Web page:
Yemen Humanitarian Update Issue 2 (February 2020)


Medical airbridge launched

UN calls for protection of civilians as war casualties spike in Marib, Al Jawf and Sana’a governorates

Humanitarian community reaffirms commitment to Yemen amid concerns on shrinking operating space

Aid agencies brace to contain cholera ahead of the rainy season

YHF allocates a record $109.4 million to support gaps in the HRP’s first and second line response

On 3 February, a group of six chronically ill children and their carers were flown from Sana’a to Amman, Jordan for treatment; a second plane carrying 23 sick men, women and children and their companions followed on 8 February. The flights are part of a United Nations/World Health Organization (WHO) medical airbridge operation transporting chronically ill Yemenis who cannot get the treatment they need within country . Many suffer from different types of cancers, kidney disease, congenital anomalies and other conditions that require specialist treatment.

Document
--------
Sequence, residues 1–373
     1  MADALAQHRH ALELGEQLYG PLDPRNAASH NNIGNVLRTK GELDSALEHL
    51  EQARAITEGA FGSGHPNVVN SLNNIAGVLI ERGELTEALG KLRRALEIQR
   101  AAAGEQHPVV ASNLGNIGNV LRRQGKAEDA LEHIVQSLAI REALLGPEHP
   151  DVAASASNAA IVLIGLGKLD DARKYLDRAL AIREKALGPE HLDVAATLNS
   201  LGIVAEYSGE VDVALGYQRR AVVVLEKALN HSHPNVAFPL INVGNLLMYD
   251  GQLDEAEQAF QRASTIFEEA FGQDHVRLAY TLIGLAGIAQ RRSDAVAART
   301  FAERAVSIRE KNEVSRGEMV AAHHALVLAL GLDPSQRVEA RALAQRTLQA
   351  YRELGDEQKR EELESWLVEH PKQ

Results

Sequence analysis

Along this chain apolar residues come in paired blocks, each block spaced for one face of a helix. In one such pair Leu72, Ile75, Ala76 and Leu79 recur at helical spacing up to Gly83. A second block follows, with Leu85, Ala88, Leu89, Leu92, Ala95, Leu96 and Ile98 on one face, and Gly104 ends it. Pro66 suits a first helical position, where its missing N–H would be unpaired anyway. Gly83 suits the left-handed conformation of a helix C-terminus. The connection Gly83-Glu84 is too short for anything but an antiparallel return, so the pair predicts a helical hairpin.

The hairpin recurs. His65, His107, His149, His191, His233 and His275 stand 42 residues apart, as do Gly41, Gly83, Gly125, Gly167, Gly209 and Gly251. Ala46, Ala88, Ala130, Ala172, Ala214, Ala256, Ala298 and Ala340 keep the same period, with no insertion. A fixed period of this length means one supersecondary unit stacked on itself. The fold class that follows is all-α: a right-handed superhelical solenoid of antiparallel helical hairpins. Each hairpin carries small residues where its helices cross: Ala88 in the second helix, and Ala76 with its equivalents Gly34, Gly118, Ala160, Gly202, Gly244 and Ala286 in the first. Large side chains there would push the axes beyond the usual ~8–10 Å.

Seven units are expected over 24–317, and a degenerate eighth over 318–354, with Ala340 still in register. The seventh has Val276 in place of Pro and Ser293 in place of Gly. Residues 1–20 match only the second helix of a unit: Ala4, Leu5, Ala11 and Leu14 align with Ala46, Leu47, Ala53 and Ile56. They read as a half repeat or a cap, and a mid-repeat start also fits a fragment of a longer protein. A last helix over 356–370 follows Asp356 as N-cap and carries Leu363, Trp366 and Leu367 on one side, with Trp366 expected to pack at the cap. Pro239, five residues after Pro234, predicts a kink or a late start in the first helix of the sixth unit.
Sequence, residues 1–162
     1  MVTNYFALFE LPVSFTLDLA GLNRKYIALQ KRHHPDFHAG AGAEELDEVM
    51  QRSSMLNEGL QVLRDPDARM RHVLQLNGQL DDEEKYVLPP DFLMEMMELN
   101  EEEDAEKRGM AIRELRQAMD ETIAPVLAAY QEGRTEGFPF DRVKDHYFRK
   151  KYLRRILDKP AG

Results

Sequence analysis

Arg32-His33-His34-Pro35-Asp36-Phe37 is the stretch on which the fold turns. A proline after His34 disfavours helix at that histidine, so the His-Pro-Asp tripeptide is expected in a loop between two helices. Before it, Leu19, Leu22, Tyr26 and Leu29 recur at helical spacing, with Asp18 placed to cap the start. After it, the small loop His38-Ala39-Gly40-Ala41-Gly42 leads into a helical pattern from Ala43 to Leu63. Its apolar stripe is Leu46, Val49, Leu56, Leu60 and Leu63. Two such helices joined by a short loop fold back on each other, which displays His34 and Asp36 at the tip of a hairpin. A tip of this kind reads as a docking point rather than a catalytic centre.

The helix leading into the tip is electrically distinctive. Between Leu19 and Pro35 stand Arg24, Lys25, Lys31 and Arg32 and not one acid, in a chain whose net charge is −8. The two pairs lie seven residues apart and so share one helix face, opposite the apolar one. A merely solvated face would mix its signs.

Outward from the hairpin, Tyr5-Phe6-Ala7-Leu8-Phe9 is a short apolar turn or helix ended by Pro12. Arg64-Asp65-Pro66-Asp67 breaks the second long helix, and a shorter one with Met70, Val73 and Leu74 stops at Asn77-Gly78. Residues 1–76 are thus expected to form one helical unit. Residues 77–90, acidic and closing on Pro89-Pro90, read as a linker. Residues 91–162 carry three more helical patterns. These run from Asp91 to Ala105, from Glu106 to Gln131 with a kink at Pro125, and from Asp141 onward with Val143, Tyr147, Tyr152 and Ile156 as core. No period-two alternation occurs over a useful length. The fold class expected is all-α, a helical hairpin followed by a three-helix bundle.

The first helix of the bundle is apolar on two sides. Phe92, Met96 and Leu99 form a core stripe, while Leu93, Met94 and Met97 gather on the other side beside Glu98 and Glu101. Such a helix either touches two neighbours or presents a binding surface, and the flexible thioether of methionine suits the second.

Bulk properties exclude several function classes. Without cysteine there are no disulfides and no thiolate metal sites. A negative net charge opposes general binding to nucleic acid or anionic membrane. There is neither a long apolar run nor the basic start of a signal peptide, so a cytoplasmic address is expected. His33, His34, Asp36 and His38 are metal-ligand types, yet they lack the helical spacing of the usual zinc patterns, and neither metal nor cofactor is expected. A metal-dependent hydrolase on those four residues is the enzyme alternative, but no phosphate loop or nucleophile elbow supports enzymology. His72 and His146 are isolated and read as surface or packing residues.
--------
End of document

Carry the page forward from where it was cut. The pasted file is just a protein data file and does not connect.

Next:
The launch of the operation was welcomed in a joint statement by senior UN leadership in Yemen, including UN Special Envoy, Mr. Martin Griffiths, the UN Humanitarian Coordinator, Ms. Lise Grande and the WHO Representative, Dr. Altaf Musani. The flights were an outcome of negotiations involving Mr. Griffiths and Ms. Grande, as well as the governments of Jordan, Egypt and Saudi Arabia, and were coordinated by WHO in collaboration with local public health and population authorities. The medical airbridge is part of the UN’s ongoing humanitarian operation in Yemen. In a joint statement, senior UN officials indicated that, “Many United Nations entities and several governments in the region and around the world have collaborated to get these patients the treatment they need abroad, and we are grateful to them all. The United Nations will do what it can to ensure the continuation of the medical airbridge as a temporary solution to reduce the suffering of the Yemeni people until a more sustainable solution is reached in the near future.”

Patients for the flights were selected based on need, and their medical files were reviewed by the High Medical Committee, a group of medical doctors that work with local health authorities to guide the selection process, and by a global service provider, against a list of twelve critical conditions that cannot be treated in Yemen. Many of the patients who flew to Jordan have already undergone successful surgeries. Plans are underway for the next medical airbridge flight to Egypt. WHO is working with partners to finalize the patient list and the date of departure.

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